Zeitgeist: Addendum (2008) – documentary

Since I posted Zeitgeist, the Movie here and admitted I kinda liked it, I feel obligated to include the sequel. Zeitgeist: Addendum was released (also free of charge to all) in 2008, and this one, too, got the Best Feature Activist Spirit Award.

But I would rather disagree. In the first part of the movie, the process of money creation is described in detail. The second part is basically a long interview with John Perkins who wrote Confessions of an Economic Hit Man – a wildly controversial and criticized book. And it goes downhill from there. Then The Venus Project is described, as a possible solution to all humanity’s troubles.

The Venus Project is basically a utopia, a society where all energy problems are solved with geothermal energy, there’s no money since energy is abundant. They call it “resource based society”. I fail to see how it’s different from communist utopia, with no money or markets/buying/selling so avidly described by some Soviet science fiction writers. Supposedly, if it wasn’t for corrupt oil companies, financiers and politicians, we all could live in such heaven, since we already have the technology to build it.

I got interested in this Venus Project. I surfed their website in search of answers. How are they going to distribute resources however big they are? What about geothermal power disadvantages? Its net energy? They claim there’ll be no crime – what about latest findings of cognitive science on the nature of violence? Well, as I suspected: nothing. The whole website looks like a pretty glossy paper advertisement brochure. Looks like a fine futurology/design experiment, nothing serious. How can you put it in a documentary? And talk about it as a “solution”?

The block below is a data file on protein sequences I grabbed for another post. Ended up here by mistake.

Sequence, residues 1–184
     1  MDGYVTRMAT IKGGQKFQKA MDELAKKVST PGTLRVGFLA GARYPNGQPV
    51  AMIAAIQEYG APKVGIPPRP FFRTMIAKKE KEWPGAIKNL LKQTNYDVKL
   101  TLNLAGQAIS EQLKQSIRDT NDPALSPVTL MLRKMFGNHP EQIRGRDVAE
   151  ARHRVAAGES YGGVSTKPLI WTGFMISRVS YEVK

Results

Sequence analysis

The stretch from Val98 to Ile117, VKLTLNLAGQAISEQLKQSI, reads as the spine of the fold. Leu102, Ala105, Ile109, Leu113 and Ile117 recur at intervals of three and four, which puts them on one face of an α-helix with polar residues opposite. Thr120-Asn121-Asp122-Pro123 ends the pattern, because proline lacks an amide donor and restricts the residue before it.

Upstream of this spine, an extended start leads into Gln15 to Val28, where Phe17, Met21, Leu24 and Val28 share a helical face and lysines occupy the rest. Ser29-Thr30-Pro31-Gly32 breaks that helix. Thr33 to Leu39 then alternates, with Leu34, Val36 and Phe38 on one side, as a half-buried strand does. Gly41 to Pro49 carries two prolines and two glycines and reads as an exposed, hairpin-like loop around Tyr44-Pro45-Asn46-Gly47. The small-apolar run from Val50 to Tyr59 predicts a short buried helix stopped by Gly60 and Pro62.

I’ve always been wary of conspirologists, and the more I live the “warier” I become. Here’s the video:

Maxed Out (2006) – documentary

Maxed Out: Hard Times, Easy Credit and the Era of Predatory Lenders is an independent documentary film by James Scurlock that chronicles abusive practices in the credit card industry. The film got the Special Jury Prize award at the South by Southwest Film Festival. This film isn’t available online, but I would highly recommend renting a DVD. For those who have Netflix subscription, it is currently available for instant play free of charge. It’s not really about the current economic crisis, or the credit crunch, or the national debt. It’s more about such facts as that most of the profit for credit card companies comes in form of fees and interest from those who pay late, or even eventually can’t pay at all.

The following video is James Scurlock giving a talk at Google about his movie. That took place on April 23, 2007.

The Century of the Self (2002) – documentary

This 4 episodes BBC documentary explores the influence of Freud’s theory of psychoanalysis on PR, marketing industries and, later, politics. It tracks the emergence and shaping of the new “consumer citizen”, and how individualism affected elections in US and Great Britain. Won 2 and nominated for 4 best documentary awards.

Also available for AVI download from the Internet Archive.

Part 1

Part 2

Part 3

Part 4

The Corporation (2003) – documentary

A must see Canadian documentary on the role, legal status and “evil-ness” of modern corporations. The film won 11 international awards, including Sundance Film Festival Audience Award.

Also can be downloaded in AVI format from here (direct link).

Part 1:

Part 2: